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Pride in the city: The evolution of a movement

In Victoria, what began as a small, grassroots civil rights movement fighting for recognition has evolved into a city-wide celebration attracting thousands of people.
The crowd watches the Victoria Pride Parade make its wasy along Government Street during the 2018 event. Thousands of people are expected to attend today’s parade. DARREN STONE, TIMES COLONIST

In Victoria, what began as a small, grassroots civil rights movement fighting for recognition has evolved into a city-wide celebration attracting thousands of people.

The Pride Picnic in 1991 is considered by many to be the start of Pride events in the city, though there are records and reports of an art show and dance in 1982 and a parade in 1989.

Colin Craig, who was a fine-dining server at the time, helped to plan the 1991 event, which was held in Beacon Hill Park.

“I would say likely that was the beginning of Pride, and the picnic was the first Pride festival,” Craig said. “To begin with you couldn’t get anyone to sponsor you. Even the Times Colonist wouldn’t print anything on us.”

In those early days, Craig grilled hot dogs on his hibachi and sold them by donation. He picked up a cooler of the popular orange pop drink from McDonald’s and helped put on drag races with clothes from the Salvation Army. About 200 people participated.

At the time, the community was still dealing with the impact of the ongoing HIV/AIDS crisis, Craig said.

“It was very unusual because you were in your 20s and 30s and losing your friends, who were the same age as you,” he said. “You were just numb from going to funerals.”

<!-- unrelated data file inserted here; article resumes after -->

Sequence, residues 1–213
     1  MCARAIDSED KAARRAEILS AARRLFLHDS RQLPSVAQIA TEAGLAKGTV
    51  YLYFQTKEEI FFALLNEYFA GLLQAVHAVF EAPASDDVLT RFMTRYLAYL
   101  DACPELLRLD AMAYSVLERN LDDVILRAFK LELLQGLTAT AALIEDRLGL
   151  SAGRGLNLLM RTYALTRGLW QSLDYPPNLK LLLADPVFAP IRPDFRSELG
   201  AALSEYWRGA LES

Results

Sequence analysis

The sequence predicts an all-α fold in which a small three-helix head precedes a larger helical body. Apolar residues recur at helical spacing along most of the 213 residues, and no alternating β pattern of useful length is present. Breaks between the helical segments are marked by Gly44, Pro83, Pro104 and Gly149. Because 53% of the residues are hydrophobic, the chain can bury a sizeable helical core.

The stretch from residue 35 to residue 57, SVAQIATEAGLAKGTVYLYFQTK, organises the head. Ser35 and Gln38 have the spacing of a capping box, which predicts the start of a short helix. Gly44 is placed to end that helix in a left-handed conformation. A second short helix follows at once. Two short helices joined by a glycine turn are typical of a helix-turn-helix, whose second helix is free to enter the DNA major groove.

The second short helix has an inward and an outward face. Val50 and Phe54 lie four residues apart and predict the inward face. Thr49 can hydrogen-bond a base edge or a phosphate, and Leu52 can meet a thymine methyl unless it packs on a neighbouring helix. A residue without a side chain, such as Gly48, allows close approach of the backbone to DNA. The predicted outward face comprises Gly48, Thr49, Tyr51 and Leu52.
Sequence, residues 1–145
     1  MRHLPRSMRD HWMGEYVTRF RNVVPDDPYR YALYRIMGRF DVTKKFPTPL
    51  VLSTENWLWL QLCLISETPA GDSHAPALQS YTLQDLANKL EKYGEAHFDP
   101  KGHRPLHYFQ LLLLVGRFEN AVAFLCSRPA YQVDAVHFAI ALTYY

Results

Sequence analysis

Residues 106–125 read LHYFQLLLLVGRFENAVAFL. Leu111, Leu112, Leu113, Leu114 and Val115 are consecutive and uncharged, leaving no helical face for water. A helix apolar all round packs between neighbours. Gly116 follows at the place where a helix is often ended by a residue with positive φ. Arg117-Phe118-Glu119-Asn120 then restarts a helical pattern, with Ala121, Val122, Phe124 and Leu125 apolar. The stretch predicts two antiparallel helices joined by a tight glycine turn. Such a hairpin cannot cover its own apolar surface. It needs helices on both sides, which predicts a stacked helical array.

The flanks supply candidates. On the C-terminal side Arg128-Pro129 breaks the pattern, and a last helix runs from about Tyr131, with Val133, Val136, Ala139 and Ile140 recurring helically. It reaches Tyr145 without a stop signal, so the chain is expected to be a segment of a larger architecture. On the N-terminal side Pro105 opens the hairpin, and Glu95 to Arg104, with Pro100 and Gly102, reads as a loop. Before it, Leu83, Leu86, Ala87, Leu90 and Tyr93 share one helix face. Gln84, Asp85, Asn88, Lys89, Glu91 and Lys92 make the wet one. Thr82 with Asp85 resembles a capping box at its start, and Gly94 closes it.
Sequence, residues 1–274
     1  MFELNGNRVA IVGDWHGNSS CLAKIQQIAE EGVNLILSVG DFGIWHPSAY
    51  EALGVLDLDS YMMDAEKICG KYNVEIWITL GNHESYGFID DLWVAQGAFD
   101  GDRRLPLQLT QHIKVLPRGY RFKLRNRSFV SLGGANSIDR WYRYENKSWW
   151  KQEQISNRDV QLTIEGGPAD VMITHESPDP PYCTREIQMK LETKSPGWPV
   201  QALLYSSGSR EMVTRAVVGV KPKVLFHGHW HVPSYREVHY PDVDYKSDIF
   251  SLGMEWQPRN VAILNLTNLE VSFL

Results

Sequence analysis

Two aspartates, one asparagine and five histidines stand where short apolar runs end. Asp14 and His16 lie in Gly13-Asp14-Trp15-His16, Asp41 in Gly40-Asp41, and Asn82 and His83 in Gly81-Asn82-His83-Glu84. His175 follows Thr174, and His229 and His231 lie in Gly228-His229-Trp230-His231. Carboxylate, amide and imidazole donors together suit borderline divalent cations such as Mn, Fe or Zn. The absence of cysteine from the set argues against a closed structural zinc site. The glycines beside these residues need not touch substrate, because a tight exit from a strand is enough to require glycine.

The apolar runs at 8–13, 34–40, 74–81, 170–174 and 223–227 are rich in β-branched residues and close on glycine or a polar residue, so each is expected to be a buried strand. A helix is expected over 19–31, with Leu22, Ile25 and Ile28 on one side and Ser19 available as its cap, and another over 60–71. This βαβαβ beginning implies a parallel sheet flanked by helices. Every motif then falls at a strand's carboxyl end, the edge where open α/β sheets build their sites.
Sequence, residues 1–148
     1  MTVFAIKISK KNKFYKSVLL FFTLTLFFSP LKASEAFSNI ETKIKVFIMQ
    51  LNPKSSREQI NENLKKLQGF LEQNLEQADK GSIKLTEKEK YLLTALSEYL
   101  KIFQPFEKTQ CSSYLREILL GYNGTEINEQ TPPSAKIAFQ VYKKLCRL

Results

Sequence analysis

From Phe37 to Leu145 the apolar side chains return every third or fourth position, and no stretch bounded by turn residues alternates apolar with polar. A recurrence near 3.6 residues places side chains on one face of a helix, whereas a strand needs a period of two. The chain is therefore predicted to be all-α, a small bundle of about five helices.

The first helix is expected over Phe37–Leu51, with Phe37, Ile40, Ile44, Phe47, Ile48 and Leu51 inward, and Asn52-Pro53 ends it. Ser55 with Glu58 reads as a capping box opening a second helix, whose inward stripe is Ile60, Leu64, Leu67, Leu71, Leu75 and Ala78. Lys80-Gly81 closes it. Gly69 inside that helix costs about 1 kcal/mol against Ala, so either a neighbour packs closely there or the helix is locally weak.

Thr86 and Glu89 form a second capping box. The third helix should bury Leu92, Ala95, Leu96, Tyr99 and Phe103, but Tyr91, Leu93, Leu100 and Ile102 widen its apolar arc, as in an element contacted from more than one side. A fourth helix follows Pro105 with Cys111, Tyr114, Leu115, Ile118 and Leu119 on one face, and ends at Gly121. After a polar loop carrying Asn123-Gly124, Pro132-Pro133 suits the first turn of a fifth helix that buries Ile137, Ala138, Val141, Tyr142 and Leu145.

Thirty-one years later, the festival has changed, but Craig said the civil rights at the core of the event must be maintained.

“It was a fight for equality and there’s still a fight to do today,” he said. “For me, when it comes to today’s Pride, there’s a long way to go before our fellow gays and lesbians and trans people are free to be who they are.”

In 1994, the Times Colonist published an article on the first Gay Pride Parade, as it was then known.

Reporter Richard Watts wrote that roughly 200 people gathered at the legislature grounds on a sunny Saturday in July. The event included a moment of silence for those who couldn’t attend, he reported, either from fear or because they had died from AIDS.

Judy Lightwater, a lesbian activist and retired charity consultant, said she’s attended every Pride parade since.

“I think as we celebrate Pride we really need to be aware of the fact that there are many people who would like to roll these rights right back,” Lightwater said. “It’s not like the work is done. And some days it feels like we’re starting all over again.”

Victoria city council proclaimed a Pride Week in 2000 — 18 years after a bid for a Pride Week proclamation to affirm “the worthiness of gay people as human beings” was rejected by the city. Peter Pollen, the mayor in 1982, reportedly said it would be “inappropriate for the city to proclaim gay pride week.”

In 2005, the Victoria Pride Society was created, and since then, both the festival and parade have grown. This year, the parade is expected to draw 40,000 spectators and participants to downtown Victoria.

“When I think back on all the pride parades I’ve walked in, I’ve always felt like we have lots of days that we get to be safe here in Victoria, but this is a day when we really are celebrated,” Lightwater said.

“Safe and celebrated is what we want for everybody.”

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